> At 11:36 AM 2/27/04 -0500, KD4E wrote:
> >For what reasons might one select fiber rods & steel guys vs
> >Phillystran? (Both eliminate the shunt-feed problem and the
> >resonance problem with nearby wire antennas.)
> >Any concern that the fiber rods may be more vulnerable to vibration
> >failure in a severely gusty storm?
Fiberglass and resin is highly prone to UV caused deterioration, however a
large rod would last a very long time.
> K7NV has an analysis on his Yagistress web site (Google for the new server
> location) of the three materials -- fiberglass rod, phillystran and EHS
> steel. His analysis didn't assume the semi-rigid fiberglass power pole
> insulators (18-20 feet long), but rather the use of continuous "pultruded"
> fiberglass rod such as that made by Polygon. As I recall, the chief
> downsides of Philly are that it is about twice as elastic as steel, is
That is definatly not a down side. The "stretch" so is much less than the
catenary and the associated give when using EHS that I'd give the nod to
Phillystrand is so light weight that the catenary is barely visible when you
are looking for it. Hence you do not have the "spring" or give associated
with the catenary of EHS.
> prone to failure through abrasion, and can be easily cut or burned, which
> argues for a stretch of EHS at the bottom of each guy to put the Philly
The makers actualy tell you to use EHS from ground to well out of reach to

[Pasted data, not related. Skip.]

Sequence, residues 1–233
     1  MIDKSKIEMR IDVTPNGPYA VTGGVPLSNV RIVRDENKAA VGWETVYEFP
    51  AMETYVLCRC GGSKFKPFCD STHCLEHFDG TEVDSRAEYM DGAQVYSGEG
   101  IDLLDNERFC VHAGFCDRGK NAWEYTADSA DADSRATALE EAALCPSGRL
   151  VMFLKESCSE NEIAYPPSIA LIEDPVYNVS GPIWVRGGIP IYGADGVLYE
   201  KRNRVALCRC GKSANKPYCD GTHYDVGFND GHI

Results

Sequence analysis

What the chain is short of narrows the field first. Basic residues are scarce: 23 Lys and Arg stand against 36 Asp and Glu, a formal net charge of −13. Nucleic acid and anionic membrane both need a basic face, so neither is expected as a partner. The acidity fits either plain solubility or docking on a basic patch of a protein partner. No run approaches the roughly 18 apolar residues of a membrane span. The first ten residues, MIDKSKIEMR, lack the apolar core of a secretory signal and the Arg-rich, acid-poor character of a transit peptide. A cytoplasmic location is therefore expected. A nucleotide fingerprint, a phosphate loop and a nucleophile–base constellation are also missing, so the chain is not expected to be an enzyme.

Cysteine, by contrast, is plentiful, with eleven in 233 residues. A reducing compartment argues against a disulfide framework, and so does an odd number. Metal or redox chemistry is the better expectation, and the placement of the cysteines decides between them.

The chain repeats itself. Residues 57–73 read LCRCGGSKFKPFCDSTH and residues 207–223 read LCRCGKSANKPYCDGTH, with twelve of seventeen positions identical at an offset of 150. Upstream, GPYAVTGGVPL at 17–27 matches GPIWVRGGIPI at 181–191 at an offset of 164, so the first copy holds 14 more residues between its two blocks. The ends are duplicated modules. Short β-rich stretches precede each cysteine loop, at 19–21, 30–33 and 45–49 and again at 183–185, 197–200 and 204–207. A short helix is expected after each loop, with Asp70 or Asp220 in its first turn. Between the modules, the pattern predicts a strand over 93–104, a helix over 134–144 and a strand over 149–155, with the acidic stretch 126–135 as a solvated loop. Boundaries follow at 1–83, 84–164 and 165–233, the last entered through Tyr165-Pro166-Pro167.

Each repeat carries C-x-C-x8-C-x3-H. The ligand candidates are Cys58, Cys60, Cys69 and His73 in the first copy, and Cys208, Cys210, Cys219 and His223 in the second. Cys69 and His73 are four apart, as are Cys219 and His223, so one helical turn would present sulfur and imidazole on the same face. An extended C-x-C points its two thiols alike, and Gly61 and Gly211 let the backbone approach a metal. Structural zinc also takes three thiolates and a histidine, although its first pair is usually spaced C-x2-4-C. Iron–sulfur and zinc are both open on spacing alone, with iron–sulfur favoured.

keep critters and vandals away.
> of reach. The fiberglass, if I remember correctly, is only a little more
> elastic than steel, would be hard to cut, and is more abrasion-resistant.
Fiberglass is easily sanded and not what I'd call abrasion resistant. "To
me" the main drawbacks for Phillystrand is the necessity for keeping it
sealed and water out. Although I retensioned mine once, it really could
have gone without.
> Another point -- Originally, I had the 21-foot fiberglass power pole
> insulators on the top guys of my tower, with grounded EHS for the
> of the length. A 40M yagi above the tower top maybe 6 feet was a mediocre
> performer. When I replaced the top guys with Phillystran, the 40M yagi
> suddenly "woke up." This said to me that 20 feet of insulator, even
> sloping away at 45 degrees, may not be enough to eliminate guy wire
> interaction with yagis, at least at 40m.... YMMV, needless to say.
With steel guys I break them up at varying intervals. The top section may
be only 6 or 8 feet, the next 12 feet with the next being maybe 14 feet.
> Some local Polygon rod users invested in some vibration dampers for the
> material, thinking that would be a good idea. I';m not clear on whether
> turned out to be necessary or not. I do know that another local just put
> up a 195-foot tower with stacked yagis using pultruded fiberglass without
> dampers. I think if he thought they were necessary he would have used
I'd not think vibration dampers would be necessary, but my experience with
fiberglass would make me leary of unprotected fiberglass holding high loads
for years out in bright sunlight.
Roger Halstead (K8RI, EN73 & ARRL Life Member)
N833R, World's Oldest Debonair (S# CD-2)
> 73, Pete N4ZR
> Check out the World HF Contest Station Database
> Updated 9 Jan 04
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See: http://www.mscomputer.com for "Self Supporting Towers", "Wireless Weather
Stations", and lot's more. Call Toll Free, 1-800-333-9041 with any questions
and ask for Sherman, W2FLA.
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